Eye For Film >> Movies >> The Ape (2009) Film Review
Reviewed by: Anton Bitel
Something bad has happened.
We know this from the outset, because Krister (Olle Sarri) has just woken up on a bathroom floor, covered in blood – and it is clearly not his own. Fleeing the house, he calls in to postpone the first driving lesson he was scheduled to give that morning, picks up his car from the garage (despite warnings from the mechanic that the brake pads need to be fixed), arrives late to work, shouts furiously at a student for a minor error, walks off the job, makes some purchases at a hardware store, tries to blow off steam at the indoor tennis court, hassles a young man in the shower room, and then at last heads back home. Over the rest of the day and the following night, Krister will slowly, and with great reluctance, face up to the enormity of what has gone before, and will struggle desperately to pick up what pieces remain.
Writer/director Jesper Ganslandt brings a rigorous aesthetic to Krister's long, dark journey of the soul, tracking his experiences with handheld profiles or over-the-shoulder shots, all in close-up. The effect corresponds to Krister's own guilt- and denial-ridden tunnel vision, shutting out much of the reality that he is so loath to look square in the eye, and restricting the viewer to even less than this one character's point of view. Apan, or The Ape as it is known in English-speaking countries (although just plain Ape would have been better) is a film where horror is evaded, elided or merely glimpsed sidelong – but is all the more horrific for that.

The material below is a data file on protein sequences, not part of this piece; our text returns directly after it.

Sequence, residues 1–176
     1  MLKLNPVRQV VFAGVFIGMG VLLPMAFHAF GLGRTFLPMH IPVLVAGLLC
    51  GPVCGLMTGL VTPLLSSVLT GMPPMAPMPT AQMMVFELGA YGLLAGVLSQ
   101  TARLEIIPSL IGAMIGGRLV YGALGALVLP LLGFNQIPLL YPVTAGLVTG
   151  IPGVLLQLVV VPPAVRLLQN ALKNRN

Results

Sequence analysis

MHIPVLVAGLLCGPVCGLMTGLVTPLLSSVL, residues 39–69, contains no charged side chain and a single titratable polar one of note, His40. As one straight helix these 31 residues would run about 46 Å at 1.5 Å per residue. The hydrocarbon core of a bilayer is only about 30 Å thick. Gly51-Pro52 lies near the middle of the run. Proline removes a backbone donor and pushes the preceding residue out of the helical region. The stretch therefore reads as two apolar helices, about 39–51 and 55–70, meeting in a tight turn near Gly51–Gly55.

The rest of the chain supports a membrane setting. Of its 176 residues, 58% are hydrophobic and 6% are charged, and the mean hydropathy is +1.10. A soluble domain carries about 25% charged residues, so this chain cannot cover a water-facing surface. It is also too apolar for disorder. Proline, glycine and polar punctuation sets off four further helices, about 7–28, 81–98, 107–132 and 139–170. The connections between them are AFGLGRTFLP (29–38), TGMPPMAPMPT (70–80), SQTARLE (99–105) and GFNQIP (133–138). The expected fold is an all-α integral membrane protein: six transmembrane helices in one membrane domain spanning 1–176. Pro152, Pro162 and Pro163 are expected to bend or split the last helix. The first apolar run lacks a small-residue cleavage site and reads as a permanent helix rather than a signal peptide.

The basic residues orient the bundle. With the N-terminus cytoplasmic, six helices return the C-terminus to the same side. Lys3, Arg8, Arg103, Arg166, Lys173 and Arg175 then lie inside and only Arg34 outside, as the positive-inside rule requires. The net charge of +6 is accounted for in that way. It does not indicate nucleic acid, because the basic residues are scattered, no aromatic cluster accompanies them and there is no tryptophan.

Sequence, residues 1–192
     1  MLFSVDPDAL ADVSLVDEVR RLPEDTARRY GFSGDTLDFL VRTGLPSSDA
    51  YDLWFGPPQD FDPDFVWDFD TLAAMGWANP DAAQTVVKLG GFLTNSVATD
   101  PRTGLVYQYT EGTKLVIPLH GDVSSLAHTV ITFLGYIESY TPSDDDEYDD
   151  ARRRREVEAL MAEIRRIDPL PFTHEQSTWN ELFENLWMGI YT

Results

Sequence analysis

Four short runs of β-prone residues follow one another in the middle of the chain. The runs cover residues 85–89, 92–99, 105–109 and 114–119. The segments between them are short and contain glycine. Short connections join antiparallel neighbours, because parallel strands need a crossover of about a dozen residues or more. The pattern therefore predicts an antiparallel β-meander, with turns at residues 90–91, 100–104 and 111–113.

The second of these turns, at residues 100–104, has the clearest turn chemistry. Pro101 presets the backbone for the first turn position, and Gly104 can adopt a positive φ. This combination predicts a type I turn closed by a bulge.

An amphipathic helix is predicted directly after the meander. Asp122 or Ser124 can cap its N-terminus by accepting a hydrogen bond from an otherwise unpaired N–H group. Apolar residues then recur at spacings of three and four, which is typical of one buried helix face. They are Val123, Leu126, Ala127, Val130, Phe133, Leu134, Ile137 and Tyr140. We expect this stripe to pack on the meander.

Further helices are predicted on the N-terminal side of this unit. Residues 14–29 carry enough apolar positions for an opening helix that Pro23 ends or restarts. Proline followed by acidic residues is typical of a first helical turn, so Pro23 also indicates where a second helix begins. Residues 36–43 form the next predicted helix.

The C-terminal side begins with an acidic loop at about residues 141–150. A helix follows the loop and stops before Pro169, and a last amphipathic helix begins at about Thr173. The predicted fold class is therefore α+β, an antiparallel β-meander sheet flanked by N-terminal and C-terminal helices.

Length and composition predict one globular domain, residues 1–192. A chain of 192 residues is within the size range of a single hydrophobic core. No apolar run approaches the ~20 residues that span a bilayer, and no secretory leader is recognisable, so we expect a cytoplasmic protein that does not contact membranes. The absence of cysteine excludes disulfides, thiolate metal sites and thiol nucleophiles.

Indeed, most of the horror is inscribed in Sarri's performance – a masterclass in nervous glances, distraught breakdown and acute passive aggression – so that even without the bloody introduction, it is clear every second that something is oh-so-very wrong. An everyman whose workaday life and suburban domesticity barely conceal the torment, anxiety and rage within, Krister comes across as a cipher for alienated humanity in the modern age, so easily reverting to the infant or animal that resides atavistically in us all. This is what makes so confronting the gradually unfolding truth of what he has done, and how he tries to deal with his own nature once it has been unleashed.
Perfect in its duration, perfect in its ending, and chillingly perfect in its central performance, The Ape plays off the banalities of life against a constant, underlying sense of dread. The result is a film that is as immaculate and elevated in its realisation as its protagonist is flawed and fallen in his character. Not that he is so very unlike anyone else. After all, as the Bob Dylan lyric that plays over the closing credits has it: "Too much of nothing/can make a man feel ill at ease/one man's temper might rise/while another man's temper might freeze." So get those brakes fixed before you lose control – because every one of us, every once in a while, goes a little ape.Reviewed on: 10 Oct 2009